Looking for a perfect pre- or post-workout meal to help fuel muscle building and recovery? Look no further than Booster Juice’s High Protein category. Each great tasting smoothie contains a minimum of 20 grams of high quality whey protein. Soy protein options are also available and each smoothie can be made dairy-free, for those with dietary restrictions. Just talk to your local Booster Juice to find out how you can customize your favourite smoothie! Want to feel a little ‘super’? The High Protein Superfood category has the additional benefits of incorporating superfoods such as matcha green tea, açai power berry, pomegranate, caja and goji for a smoothie that’s big on taste and nutrients!


Vegetable based smoothies are a natural choice for those who are pursuing an active, health-conscious


lifestyle. Packed with micronutrients, vegetables are an essential part of a balanced diet and at Booster Juice, all smoothies under our Hardcore category are made with fresh, never frozen vegetables such as spinach, beets, carrots and kale. From the unmistakably earthy taste of the UnBEETable to the sweet pineapple and kale combination of Tropi-Kale, you’re guaranteed to feel good about choosing Booster Juice! Looking for a faster way to get in those vitamins? Try a fresh pressed shot of wheatgrass, available in single or double ounce shots, a known source for vitamin A, E , K, B6, iron, zinc and selenium.


Did you work up an appetite? Don’t want to hit your workout on an empty stomach? Booster Juice has a full line of made fresh daily food items which include chicken, steak and vegetarian options. Try the subtle spice of our Chipotle Chicken Panini, or change it up and get an extra serving of vegetables in with the Sundried Caprese Wrap! In addition to grilled fresh wraps, panini and quesadillas, Booster Juice also offers unique pastries known as Booster Bakes and probiotic greek yogurt – further proof that “feel-good” food can taste good too! Next time you stop by, think about making it a combo by pairing your favourite smoothie, or freshly squeezed juice, with a wrap, panini or quesadilla – perfect to enjoy now, or later. No matter what you choose, you can feel confident in knowing you’re providing your body with quality ingredients needed to keep your energy up while you’re on the go. From the classic Strawberry Sunshine to the unique taste of summer’s feature flavour – the Watermelon Explosion (available starting July 17, only for a limited time), Booster Juice’s large menu of product and flavour offerings ensures there’s something for everyone! Find a location near you at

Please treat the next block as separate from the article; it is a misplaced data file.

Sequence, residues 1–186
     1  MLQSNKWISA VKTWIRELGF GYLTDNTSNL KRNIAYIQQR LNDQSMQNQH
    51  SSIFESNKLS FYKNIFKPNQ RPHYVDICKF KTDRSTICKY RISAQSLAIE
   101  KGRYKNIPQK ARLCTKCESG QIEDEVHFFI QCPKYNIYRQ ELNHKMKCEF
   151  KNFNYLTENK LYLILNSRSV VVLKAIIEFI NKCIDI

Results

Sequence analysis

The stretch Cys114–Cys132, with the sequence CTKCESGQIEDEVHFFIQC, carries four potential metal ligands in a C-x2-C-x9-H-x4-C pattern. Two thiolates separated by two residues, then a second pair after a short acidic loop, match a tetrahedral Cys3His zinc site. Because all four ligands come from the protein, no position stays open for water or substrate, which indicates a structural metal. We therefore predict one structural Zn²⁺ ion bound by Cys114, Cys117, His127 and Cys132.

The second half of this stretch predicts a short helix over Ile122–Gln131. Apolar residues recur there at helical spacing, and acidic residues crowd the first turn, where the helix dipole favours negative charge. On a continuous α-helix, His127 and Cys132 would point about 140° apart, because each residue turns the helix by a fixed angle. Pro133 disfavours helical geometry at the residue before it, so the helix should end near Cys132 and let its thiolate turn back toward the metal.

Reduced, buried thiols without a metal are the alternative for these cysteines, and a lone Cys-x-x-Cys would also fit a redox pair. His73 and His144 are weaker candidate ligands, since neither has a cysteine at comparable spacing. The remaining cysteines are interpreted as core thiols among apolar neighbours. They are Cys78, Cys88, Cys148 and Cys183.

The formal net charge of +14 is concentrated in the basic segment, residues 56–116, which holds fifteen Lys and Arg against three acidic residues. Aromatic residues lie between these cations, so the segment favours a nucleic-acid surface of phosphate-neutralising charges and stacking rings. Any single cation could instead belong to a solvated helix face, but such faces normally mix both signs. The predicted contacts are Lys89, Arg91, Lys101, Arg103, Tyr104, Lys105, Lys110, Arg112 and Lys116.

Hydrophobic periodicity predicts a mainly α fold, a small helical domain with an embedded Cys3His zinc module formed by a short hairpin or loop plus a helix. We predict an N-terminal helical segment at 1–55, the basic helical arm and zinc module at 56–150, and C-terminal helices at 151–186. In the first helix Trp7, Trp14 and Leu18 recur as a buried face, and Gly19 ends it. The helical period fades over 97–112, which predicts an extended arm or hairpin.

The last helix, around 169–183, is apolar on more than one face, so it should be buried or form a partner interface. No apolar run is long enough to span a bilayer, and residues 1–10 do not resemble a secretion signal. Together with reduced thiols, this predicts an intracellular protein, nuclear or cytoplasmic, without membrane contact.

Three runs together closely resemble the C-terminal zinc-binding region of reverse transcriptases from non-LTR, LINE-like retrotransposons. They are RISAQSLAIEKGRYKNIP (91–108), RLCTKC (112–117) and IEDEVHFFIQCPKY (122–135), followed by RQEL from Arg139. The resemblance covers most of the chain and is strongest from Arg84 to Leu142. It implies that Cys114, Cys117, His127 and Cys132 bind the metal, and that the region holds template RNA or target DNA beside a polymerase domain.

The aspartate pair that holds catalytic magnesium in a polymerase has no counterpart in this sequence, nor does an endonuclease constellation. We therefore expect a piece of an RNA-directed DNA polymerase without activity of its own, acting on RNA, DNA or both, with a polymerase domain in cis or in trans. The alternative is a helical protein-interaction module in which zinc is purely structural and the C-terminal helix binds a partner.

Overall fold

Embrace Your Inner Love For Spandex BY TIFFANY BAKER Women’s Cycling Manager, ERTC PHOTOS BY PATRICIA DOIRON





taring at the wall of spandex (apparently called “Lycra”) outfits in the clothing section of my favorite bike shop, I quickly devolved into pep-talk mode, “If I want to be a cyclist, I have to look like a cyclist. Confidence comes from within, right?” I then imagined myself bending over reaching for the handlebars, the mental image of the resulting Lycra-encased muffin-top made me shiver. And then there were those bikes. Bikes that cost more than my first car. Shiny ones, colorful ones, oddly shaped ones, expensive ones. The choices equally overwhelming and equally enticing. I was drawn to them because they seemed to make other women look so fast, graceful, and strong. Those women seemed to have something I didn’t. Something I wanted. Their confidence and grace oozed from their pores as they rode by, laughing together, chatting about their weeks, their lives. They were friends. It was no wonder they were surrounded by attractive men with zero body—fat in equally tight clothing—these women were fabulous. Wait. am I back in high-school? My early perception of women’s club cycling seemed to parallel those tumultuous years. Perhaps you can relate; wearing uncomfortable name brand clothing to try and fit in, saving every dollar for that all-important first car, staring at the ‘cool’ girls wishing to be just like them. Maybe you were smarter than me and longed to be a part of something more productive like a sports team, or math club but if at some point you’ve wanted to be a part of something bigger than yourself, but weren’t sure you were good, strong, smart enough, whatever enough, you know what I am talking about.

And if you can relate to any of this when thinking about joining a cycling club I have some great news for you. The ‘cool’ girls want to be your friend! Or more accurately, our group of amazing women would love to ride with you. And if you keep telling yourself “I am not strong enough, not fit enough, not good enough,” you are wrong, I promise. I know this because I lead Edmonton’s largest women’s road cycling group and I meet women everyday who think they are “not something enough” and then they become better, stronger, and more capable on and off the bike. We absolutely want you to ride with us and I know the women in the other Edmonton based clubs think the same. YEG’s women’s cycling movement is gaining speed and momentum and it’s not just for those who look perfect in Lycra. Our movement is for all women. Bring your old bike, too tight shorts, cellulite, sense of humor and zest for life and you will have the time of your life. We are lucky, Edmonton has women’s groups for all disciplines: road, cyclo-cross, mountain, and even fatbikes. Groups that teach beginner skills, offer training to help reach goals of all levels, and provide women with the kind of supportive and understanding environment that can only be created by women. I know this because I started Edmonton’s largest women’s road cycling group two years ago and worked to create a group of amazing